Day: September 26, 2018

Gierke and Oommen Present in Tbilisi

NATO 's Science for Peace and Security banner graphic

John Gierke, professor and chair of GMES and Thomas Oommen (GMES) presented collaborative work on “Field Data Collection and Slope Stability Analysis in the Vicinity of the Enguri Dam” and “External Loadings and Landslide Hazards at Enguri,” respectively, at the culminating meeting for the international project funded by NATO’s Science for Peace and Security: “SfP G4934 Security Against Geohazards at the Major Enguri Hydroelectric Scheme in Georgia.”

The meeting was held Sept. 12, 2018, in Tbilisi, Georgia. The Michigan Tech project work that was presented included contributions from MS Geology graduate Maria Diletta Acciaro and BS Geological Engineering graduates Carolyn Lucca, Zack Fleming, Nicole Bird and Erica Anderson.


Bornhorst Named to State Environmental Permit Review Commission

Ted Bornhorst
Ted Bornhorst

Ted Bornhorst, executive director of the A. E. Seaman Mineral Museum and professor of geology at Michigan Tech, is among the initial appointments made by Governor Rick Snyder to the state’s Environmental Permit Review Commission. Bornhorst was appointed to a three-year term.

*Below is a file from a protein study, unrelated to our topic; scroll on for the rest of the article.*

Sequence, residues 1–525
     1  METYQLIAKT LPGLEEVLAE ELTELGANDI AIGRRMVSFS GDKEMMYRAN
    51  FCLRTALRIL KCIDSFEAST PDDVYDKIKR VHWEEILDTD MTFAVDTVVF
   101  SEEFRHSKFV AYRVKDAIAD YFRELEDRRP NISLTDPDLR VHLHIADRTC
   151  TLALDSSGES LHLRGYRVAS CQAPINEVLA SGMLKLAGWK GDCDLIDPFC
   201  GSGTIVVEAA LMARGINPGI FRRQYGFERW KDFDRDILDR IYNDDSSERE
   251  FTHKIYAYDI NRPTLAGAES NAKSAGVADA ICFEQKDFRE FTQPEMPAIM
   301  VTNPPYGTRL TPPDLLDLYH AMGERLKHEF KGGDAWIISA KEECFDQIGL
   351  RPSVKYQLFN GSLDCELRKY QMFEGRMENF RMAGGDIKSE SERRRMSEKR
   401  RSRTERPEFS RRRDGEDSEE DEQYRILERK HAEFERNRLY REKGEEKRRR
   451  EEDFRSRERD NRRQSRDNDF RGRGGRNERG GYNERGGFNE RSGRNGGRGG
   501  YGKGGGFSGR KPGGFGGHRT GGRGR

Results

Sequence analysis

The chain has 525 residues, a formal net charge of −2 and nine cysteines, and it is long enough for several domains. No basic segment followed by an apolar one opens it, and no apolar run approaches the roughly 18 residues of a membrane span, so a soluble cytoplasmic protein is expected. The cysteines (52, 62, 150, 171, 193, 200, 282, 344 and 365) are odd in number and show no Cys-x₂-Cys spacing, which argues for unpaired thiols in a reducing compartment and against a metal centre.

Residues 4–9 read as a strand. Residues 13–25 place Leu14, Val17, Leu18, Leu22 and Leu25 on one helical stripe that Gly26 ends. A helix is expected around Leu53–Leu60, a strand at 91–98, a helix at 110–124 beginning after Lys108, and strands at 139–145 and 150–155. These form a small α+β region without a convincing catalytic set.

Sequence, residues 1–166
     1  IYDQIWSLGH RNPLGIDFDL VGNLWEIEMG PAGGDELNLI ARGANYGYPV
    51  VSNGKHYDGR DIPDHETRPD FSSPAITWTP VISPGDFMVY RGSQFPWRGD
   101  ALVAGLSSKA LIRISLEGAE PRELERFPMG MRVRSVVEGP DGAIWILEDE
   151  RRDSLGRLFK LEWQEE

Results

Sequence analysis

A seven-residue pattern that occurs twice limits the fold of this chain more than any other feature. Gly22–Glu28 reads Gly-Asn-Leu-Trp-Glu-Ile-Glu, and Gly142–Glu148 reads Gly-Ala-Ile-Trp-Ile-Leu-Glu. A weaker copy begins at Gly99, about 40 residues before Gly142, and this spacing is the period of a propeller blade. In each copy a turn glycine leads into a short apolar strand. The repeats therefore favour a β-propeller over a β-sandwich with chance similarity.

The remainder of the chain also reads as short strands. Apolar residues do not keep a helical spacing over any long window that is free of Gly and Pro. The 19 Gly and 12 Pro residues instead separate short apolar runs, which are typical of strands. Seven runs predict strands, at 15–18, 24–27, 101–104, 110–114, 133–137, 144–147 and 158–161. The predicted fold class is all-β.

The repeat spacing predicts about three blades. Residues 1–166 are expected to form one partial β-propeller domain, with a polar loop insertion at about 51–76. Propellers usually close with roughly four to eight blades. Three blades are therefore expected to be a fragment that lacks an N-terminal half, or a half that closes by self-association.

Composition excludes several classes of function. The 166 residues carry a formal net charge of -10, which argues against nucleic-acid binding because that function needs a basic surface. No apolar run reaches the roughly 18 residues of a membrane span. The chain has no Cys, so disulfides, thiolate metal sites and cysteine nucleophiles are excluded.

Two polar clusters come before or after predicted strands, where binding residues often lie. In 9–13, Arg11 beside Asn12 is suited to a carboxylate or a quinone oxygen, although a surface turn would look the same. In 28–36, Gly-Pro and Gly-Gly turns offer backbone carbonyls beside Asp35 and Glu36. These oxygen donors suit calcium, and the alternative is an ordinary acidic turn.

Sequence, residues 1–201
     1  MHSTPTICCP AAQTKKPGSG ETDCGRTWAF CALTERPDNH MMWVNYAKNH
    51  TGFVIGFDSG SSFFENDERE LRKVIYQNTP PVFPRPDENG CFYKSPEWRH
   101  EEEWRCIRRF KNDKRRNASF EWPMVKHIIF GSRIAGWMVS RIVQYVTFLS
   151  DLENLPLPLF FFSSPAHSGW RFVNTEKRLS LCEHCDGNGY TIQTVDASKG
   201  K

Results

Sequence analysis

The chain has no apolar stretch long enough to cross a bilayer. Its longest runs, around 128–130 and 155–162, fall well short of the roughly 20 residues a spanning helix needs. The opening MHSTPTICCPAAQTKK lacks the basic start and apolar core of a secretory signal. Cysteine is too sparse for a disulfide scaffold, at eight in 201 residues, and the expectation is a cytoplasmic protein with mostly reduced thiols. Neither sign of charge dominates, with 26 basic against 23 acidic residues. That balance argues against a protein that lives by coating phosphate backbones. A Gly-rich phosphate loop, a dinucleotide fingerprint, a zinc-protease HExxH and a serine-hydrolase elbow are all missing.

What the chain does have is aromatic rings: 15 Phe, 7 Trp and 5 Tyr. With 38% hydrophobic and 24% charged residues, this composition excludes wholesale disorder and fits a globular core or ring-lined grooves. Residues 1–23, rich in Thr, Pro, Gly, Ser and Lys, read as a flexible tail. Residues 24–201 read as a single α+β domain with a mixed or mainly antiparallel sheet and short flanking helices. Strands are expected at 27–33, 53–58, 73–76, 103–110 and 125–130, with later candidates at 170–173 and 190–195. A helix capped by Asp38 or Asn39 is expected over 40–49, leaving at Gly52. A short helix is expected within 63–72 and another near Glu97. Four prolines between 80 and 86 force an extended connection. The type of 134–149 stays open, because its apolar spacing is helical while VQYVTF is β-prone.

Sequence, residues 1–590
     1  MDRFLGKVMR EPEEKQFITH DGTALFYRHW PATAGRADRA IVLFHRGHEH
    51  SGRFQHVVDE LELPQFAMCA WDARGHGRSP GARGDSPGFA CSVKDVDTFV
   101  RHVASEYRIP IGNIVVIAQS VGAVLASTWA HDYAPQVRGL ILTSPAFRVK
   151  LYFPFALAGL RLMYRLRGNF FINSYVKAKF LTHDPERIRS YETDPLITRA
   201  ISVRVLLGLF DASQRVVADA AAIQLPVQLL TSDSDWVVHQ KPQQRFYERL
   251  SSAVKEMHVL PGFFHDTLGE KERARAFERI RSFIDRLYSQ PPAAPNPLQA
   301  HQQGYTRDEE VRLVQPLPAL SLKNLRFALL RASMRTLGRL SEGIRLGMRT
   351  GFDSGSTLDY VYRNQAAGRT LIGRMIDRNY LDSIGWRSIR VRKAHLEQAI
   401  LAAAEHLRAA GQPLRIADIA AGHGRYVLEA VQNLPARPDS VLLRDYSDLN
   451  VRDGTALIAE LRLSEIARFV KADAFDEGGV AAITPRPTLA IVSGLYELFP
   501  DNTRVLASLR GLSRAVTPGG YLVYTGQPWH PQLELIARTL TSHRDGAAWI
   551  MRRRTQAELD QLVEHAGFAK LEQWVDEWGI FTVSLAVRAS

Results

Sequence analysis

The commission, established by Public Act 268 of 2018, is comprised of 15 members which can be called upon by the director of the Michigan Department of Environmental Quality (DEQ) to review and advise on permit applications.

Bornhorst has previously served the state of Michigan on environmental-related topics. From 1983 to 1998, he was involved at the state level as an advisor on the topic of radioactive waste disposal, first on the Governor’s task force on high-level radioactive waste followed by an appointment by Governor James Blanchard to the Radioactive Waste Control Committee legislated by Michigan Public Act 190 of 1985.

Bornhorst chaired the Siting Criteria Advisory Committee for Michigan’s Low-Level Radioactive Waste Authority from 1988 to 1989 which created screening criteria to select a site while protecting the environment and public health.

His involvement on the topic of radioactive waste continued until Michigan withdrew from the Midwest Interstate Radioactive Waste Compact. Bornhorst served the State of Michigan from 2004 to 2008 in an advisory capacity in the areas of metallic mineral leasing, regulation of metallic mineral exploration and mining, administrative rules for Michigan’s non-ferrous metallic mining regulations and the mineral wells advisory committee.

The work group’s efforts on the regulation of metallic mineral exploration and mining resulted in State of Michigan law Part 632, Natural Resources and Environmental Protection Act, Act 451 of the Public Acts of 1994 as amended, also known as Michigan’s nonferrous metallic mining regulations Part 632.

Most recently, in 2016, he published a peer-reviewed article in the international journal Economic Geology on predicting water quality impact from mining wastes.

Upon being asked by Governor Snyder to serve on this commission Bornhorst simply remarked “I’m honored to serve the people of the state of Michigan.”

Dennis Bittner of Gladstone is the only other member of the commission from the Upper Peninsula.

By the A. E. Seaman Mineral Museum.